Technical analysis is just like any other money making occupation – it takes time and energy and it involves risk. Anybody who says otherwise shouldn’t be trusted. Here are ways technical analysis has been misused in the past:

The Holy Grail mentality…

One of the most common misconceptions about technical analysis is that a trading system (a set of buy and sell rules) can be devised that provides consistent profits with little to no risk.

There are several reasons that a ‘perfect system’ cannot be sustained. Firstly, the market is made up of people with free will and guided by fear and greed. A perfect system requires prices to consistently move in predictable patterns. This will never be possible when people are involved. Secondly, many financial institutions monitor the market for patterns of systematic trading. Once detected, the financial institution can take advantage of the system (investing with or against it) which eventually compromises and defeats the ‘perfect system’. And finally, what motivation could someone have to share a ‘perfect system’ at any price? Such a system would be invaluable to one person but worthless (for the second reason) if too many people or even one institution discovered it.

Just tell me what to buy…

Investment charlatans and gurus have always been offering advice how to profit in the market. These are the people who take financial advantage of new and uninformed investors by promising quick and profitable investment success. Claims of ultra-high rates of return or knowledge of future events for substantial fees are the best ways to identify such schemers.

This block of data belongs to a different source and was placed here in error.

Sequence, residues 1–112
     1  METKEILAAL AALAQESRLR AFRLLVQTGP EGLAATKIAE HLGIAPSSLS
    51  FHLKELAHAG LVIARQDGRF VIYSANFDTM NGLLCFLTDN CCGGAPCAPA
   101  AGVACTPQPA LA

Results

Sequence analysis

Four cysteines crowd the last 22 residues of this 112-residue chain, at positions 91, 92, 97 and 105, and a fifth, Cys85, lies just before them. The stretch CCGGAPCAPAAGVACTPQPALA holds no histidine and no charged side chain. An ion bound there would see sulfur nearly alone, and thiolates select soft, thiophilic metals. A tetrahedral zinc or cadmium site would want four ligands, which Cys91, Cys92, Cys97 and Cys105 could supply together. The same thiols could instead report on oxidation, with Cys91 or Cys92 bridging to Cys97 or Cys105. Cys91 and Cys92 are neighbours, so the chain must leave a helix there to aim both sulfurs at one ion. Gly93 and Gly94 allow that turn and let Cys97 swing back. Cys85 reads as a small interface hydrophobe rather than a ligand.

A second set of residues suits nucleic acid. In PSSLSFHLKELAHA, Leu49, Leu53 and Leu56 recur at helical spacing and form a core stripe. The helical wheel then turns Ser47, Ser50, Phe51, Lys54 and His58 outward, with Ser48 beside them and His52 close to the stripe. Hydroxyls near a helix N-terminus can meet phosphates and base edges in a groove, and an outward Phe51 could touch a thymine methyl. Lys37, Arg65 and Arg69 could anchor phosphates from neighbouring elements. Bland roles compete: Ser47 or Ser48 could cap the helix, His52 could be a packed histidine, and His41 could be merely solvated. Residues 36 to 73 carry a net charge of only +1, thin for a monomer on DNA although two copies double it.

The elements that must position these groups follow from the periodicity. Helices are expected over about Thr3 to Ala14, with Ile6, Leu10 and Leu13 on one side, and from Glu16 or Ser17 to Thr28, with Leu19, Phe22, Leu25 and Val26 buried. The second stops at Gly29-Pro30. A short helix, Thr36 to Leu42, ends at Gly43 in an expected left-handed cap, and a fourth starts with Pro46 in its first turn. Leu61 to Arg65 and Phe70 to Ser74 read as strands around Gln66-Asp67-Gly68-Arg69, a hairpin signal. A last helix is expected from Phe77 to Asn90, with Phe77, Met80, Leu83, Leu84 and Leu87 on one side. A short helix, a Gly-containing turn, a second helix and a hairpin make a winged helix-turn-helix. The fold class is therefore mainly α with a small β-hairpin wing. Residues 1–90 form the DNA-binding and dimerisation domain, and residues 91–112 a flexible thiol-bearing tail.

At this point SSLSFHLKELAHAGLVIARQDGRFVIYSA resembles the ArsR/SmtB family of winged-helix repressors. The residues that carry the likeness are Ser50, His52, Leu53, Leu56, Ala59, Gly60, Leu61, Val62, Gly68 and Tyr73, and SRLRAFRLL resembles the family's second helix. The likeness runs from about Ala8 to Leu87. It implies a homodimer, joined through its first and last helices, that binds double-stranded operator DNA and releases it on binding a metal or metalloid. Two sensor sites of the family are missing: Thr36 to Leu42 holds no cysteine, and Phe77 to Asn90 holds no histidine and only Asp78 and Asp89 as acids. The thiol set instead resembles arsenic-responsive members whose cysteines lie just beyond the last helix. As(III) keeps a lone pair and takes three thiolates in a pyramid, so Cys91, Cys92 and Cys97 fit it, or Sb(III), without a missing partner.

Although a real guru is a spiritual guide or teacher, the title ‘Market Guru’ is gladly accepted by advisors who have developed notoriety with fortuitous calls of major market changes or unusual approaches to investing. Today’s TV media and Internet enthrone new market gurus on a regular basis. There are precious few true market gurus like Warren Buffet who have proven their market savvy over decades. Most market gurus can only provide profitable guidance as long as the market is favoring their investment philosophy. As the market changes, new market gurus will emerge as their philosophies’ agree with the new market dynamics.

Technical Analysis lets me control the market…

While few people consciously believe that they can control a stock’s price directly, subconsciously, chart analysis can give new investors a false sense of control which will cause them to lose objectivity. “My stock just broke below my trendline today, but it will come back tomorrow since that is a really good trendline!”

The opposite response is just as damaging – “My stock broke my trendline! T/A is worthless!” Both responses are driven by emotion, something that technical analysis strives to eliminate.

Next time, we'll take a critical look at the assumptions that Technical Analysis makes about the markets.

by John Murphy | The Market Message

GOLD TOUCHES $1000 FOR FIRST TIME IN A YEAR... A number of financial markets are testing important chart points. Let's start with gold. Bullion touched $1,000 today for the first time since last March. Chart 1 shows the streetTracks Gold Trust (GLD) very close to touching its March 2008 high at 100. On a short-term basis, however, the price of gold looks overbought. Some profit-taking from this level wouldn't be surprising. If that's true, some counter-trend moves may be seen in some other markets. The dollar may have also started one.


DOLLARS DIPS AS EURO BOUNCES ... The U.S. Dollar has been rising along with gold since December. Chart 2, however, shows the Power Shares DB US Dollar Index Fund (UUP) dropping today from chart resistance near its November high. Chart 3 shows the Euro bouncing off chart support along its November low. That suggests that some "short-term" market dynamics might be changing. A weaker dollar might contribute to some profit-taking in gold and buying in some oversold commodities. A bouncing Euro might suggest that the recent selloff in stocks is overdone as well. I've shown before that stocks have been trading in tandem with the Euro since midyear and opposite the dollar.